There are a few bills before lawmakers this session that would raise the cigarette tax with hopes of encouraging better public health.

Authored by Senator Brice Wiggins is SB 270, which is a cigarette tax increase aimed to help the Medicaid program deficit since annual health care expenditures in Mississippi directly caused by tobacco use are $1.23 billion. The money collected from this tax would go straight to Medicaid.

SB 2230 authored by Sen. Willie Simmons would increase the tax on cigarettes by just over $.10 per cigarette.



Lastly, Sen. Jeff Smith submitted HB 906 that would increase the cigarette tax on those made by non-settling manufacturers to $.3 per cigarette as of July 1, 2018.

Right now, cigarettes sold in the state of Mississippi is $.68 per pack, which is 39th among all states including DC. The projected annual revenue from increasing the cigarette ta by $1.50 a pack would be $166.81 million.

According to the Cancer Action Network, projected public health benefits for Mississippi from a cigarette tax of at least $1.50 would include:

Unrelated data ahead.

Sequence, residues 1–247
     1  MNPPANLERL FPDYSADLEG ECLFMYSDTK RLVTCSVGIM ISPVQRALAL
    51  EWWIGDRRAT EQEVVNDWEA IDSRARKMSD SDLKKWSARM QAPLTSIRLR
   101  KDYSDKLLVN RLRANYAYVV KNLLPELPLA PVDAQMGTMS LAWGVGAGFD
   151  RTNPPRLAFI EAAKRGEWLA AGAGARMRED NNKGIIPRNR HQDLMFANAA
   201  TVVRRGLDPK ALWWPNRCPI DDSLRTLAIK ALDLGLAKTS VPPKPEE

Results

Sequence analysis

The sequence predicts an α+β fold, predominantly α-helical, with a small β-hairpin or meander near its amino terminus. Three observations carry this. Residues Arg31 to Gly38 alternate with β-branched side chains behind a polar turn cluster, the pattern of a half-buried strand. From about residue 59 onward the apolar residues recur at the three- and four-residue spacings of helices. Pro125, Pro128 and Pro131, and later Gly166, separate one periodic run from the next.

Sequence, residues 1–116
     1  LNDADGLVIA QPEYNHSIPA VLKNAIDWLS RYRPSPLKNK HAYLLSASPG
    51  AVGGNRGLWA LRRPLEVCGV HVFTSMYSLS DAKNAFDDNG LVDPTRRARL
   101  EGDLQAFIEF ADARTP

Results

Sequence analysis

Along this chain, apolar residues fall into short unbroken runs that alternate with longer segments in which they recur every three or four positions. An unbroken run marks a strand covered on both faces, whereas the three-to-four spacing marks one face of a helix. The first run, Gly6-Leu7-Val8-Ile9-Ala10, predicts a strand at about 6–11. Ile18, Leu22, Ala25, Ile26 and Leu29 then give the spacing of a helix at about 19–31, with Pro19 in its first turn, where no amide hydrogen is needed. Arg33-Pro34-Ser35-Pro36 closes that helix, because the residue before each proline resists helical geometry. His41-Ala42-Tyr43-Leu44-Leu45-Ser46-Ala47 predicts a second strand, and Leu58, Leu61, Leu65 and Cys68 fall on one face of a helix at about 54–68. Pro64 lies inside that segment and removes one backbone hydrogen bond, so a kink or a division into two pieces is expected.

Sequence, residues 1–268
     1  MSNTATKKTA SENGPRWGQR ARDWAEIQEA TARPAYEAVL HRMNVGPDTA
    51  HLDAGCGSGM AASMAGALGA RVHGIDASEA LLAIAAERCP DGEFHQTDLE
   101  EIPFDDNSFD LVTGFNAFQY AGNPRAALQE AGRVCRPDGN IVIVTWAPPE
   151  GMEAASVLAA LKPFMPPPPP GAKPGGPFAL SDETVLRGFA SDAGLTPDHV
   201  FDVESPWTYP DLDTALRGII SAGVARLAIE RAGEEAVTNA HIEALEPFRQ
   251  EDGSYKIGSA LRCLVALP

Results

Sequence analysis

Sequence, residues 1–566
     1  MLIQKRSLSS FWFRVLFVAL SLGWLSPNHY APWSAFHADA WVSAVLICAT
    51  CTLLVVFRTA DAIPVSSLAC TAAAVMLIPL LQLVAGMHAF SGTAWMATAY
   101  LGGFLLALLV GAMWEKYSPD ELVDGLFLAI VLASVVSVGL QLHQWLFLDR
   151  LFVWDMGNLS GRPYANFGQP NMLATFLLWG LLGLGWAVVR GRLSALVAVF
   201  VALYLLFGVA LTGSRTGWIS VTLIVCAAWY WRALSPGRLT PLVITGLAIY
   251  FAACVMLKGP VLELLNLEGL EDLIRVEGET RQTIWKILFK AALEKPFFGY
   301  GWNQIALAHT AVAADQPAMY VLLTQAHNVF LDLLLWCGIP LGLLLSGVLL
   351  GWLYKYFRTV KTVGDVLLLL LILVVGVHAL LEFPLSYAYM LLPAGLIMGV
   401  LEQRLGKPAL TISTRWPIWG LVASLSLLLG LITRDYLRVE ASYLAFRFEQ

• 16.9% decrease in youth smoking
  • 22,800 youth kept from becoming adult smokers
  • 26,500 current smokers would quit
  • $11.9 million saved from fewer smoking-caused heart attacks and strokes after 5 years
  • $4.25 million saved for the states Medicaid Program in 5 years
  • $1.01 billion long-term health care cost savings from adult and youth smoking declines

However, small tax increase amounts do not produce significant public health benefits or cost savings because the cigarette companies can easily offset their impact. Splitting a tax rate will increase into separate, smaller increases in successive years will similarly diminish or eliminate the public health benefits and related cost savings.

An estimated 5,400 deaths are caused by smoking in Mississippi each year and even 15.2% of high school students smoke. 1,800 kinds under 18 becoming new smokers each year.